Date of Award
Culminating Project Type
College of Liberal Arts
Keywords and Subject Headings
History, 20th-Century, Cold War, Soviet-Cuban, propaganda, diplomacy, foreign policy
In the middle of the twentieth century, a series of events brought the world’s largest country into an intimate connection with one of the world’s smaller nations. A globe apart, the Soviet superpower and powerless Cuba connected themselves in a common goal—protecting a burgeoning Marxist revolution from what the leaders in both countries saw as preordained interference by the U.S. When the two solidified their connections in the late 1950s, no one could have predicted that their relationship would bring the world to the brink of nuclear war, or that the Revolution in Cuba would far outlast communist rule in the Soviet Union. In both Castro’s Cuba and Khrushchev’s U.S.S.R., appearances were vital. For both leaders, foreign policy successes—particularly vis-à-vis the U.S—were essential in consolidating and holding power domestically. Both men used façades to accomplish their political ends. Such political use of façades has a long history in Russia and an intense, if shorter, history in Cuba. Such strategies worked well for both leaders until the early 1960s, when the U.S. finally exposed Khrushchev’s bluff for what it was—a Potemkin village. Even so, Khrushchev was able to ensure that Castro was safe from intervention by the U.S. This project revises our understanding of Castro’s success—and why he chose Bolshevism as his modus operandi. It details the historical complexity of the Soviet-Cuban relationship and explores the migration of Leninist propaganda and its counterpart—Russian pokazukha—from Russian Eurasia to the Cuban Caribbean.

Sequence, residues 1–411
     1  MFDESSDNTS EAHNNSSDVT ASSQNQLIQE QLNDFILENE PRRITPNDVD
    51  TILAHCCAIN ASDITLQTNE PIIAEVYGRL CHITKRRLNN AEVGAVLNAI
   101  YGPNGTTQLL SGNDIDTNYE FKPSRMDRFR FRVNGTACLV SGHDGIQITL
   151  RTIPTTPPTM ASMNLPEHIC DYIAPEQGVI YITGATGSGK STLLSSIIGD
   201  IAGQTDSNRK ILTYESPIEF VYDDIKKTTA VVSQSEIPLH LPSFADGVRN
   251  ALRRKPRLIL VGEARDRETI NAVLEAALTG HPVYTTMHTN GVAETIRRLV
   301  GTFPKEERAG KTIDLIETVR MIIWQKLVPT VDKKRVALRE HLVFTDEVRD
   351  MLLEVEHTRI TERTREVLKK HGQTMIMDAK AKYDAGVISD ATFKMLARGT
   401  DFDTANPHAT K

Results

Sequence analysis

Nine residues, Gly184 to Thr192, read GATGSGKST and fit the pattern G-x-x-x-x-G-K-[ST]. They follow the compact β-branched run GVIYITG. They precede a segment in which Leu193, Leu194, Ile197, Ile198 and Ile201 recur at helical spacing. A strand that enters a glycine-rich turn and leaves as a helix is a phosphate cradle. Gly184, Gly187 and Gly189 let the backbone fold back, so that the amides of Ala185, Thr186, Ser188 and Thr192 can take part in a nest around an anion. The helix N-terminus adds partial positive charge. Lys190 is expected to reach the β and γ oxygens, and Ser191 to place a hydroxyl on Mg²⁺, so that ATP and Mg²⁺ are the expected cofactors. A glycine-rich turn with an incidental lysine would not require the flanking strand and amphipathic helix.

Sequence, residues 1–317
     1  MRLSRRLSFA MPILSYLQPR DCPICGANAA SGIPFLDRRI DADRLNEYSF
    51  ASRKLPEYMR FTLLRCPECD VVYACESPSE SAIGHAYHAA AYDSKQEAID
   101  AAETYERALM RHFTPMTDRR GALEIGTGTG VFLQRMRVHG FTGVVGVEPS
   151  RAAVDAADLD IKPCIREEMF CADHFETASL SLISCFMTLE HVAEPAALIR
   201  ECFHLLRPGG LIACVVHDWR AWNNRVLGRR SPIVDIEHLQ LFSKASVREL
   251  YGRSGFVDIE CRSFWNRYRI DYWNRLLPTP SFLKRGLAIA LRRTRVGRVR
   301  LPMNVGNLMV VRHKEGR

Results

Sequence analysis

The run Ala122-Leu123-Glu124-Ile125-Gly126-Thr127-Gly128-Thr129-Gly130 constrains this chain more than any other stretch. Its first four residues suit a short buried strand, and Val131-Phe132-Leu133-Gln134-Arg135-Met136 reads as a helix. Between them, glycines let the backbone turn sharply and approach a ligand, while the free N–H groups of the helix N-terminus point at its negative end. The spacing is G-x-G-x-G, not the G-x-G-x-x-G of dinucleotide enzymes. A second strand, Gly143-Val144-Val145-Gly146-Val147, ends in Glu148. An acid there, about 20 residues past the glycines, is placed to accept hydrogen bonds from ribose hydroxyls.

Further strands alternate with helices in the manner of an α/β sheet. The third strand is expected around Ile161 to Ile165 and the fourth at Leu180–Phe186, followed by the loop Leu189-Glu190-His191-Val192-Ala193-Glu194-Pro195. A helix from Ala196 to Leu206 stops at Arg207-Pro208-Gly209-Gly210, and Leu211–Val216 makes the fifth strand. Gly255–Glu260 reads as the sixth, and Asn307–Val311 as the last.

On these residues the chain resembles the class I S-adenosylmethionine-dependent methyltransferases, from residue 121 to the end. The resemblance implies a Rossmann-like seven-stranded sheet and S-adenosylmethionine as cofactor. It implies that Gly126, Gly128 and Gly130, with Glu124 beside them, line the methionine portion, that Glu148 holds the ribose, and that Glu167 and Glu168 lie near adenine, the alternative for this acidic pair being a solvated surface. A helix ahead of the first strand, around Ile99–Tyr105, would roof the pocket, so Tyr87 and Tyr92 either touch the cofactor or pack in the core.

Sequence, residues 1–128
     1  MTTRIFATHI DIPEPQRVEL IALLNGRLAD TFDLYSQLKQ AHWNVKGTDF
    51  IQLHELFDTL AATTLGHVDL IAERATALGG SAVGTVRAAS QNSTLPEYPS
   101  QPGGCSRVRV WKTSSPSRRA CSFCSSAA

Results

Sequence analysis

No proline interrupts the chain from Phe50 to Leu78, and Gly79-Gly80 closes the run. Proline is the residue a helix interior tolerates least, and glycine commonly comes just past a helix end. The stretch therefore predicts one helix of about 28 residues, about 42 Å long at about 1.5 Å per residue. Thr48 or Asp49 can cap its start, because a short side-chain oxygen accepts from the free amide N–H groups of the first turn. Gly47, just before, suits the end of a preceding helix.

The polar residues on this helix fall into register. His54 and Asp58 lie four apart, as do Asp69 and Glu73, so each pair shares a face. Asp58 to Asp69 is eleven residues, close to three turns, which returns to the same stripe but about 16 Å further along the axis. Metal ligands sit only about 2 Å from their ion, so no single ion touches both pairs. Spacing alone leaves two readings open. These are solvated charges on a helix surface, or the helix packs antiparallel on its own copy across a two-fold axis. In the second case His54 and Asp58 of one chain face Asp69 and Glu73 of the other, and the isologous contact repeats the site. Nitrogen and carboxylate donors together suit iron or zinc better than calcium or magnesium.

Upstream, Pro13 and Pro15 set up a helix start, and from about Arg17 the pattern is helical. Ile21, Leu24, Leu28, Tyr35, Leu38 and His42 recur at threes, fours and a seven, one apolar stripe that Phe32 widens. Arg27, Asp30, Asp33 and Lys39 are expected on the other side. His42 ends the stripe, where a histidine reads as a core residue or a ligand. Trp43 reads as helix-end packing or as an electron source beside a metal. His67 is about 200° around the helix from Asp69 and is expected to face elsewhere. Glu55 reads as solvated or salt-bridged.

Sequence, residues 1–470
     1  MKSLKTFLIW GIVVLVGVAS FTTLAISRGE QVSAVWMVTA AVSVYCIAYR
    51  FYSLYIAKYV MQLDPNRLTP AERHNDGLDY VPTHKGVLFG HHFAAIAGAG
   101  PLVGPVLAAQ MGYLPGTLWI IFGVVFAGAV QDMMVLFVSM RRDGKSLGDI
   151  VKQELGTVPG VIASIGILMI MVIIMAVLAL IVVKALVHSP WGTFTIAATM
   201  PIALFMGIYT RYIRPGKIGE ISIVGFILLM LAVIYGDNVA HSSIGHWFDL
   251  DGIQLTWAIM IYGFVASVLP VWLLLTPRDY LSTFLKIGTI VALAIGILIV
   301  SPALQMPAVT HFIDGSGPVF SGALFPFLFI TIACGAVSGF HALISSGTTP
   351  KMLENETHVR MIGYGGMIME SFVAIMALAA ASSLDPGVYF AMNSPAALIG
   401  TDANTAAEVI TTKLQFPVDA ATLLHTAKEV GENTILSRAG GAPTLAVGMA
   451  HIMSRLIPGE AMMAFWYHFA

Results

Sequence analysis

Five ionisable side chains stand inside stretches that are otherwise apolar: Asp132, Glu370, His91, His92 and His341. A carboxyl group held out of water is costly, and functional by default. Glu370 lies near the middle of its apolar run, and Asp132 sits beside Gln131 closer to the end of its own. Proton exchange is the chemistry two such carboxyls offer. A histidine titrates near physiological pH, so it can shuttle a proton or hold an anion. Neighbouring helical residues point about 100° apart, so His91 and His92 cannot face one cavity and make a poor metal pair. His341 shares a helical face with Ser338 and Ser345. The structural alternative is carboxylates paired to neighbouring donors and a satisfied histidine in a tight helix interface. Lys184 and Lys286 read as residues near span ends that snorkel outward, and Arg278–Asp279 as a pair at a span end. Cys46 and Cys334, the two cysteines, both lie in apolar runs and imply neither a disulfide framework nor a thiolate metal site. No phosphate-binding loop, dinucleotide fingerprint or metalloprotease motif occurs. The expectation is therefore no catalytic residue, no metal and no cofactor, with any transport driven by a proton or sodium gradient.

Westrate, Michael Thomas, "Real Potemkin Villages : Pokazukha and Propaganda in the Soviet-Cuban Connection" (2007). Culminating Projects in History. 18.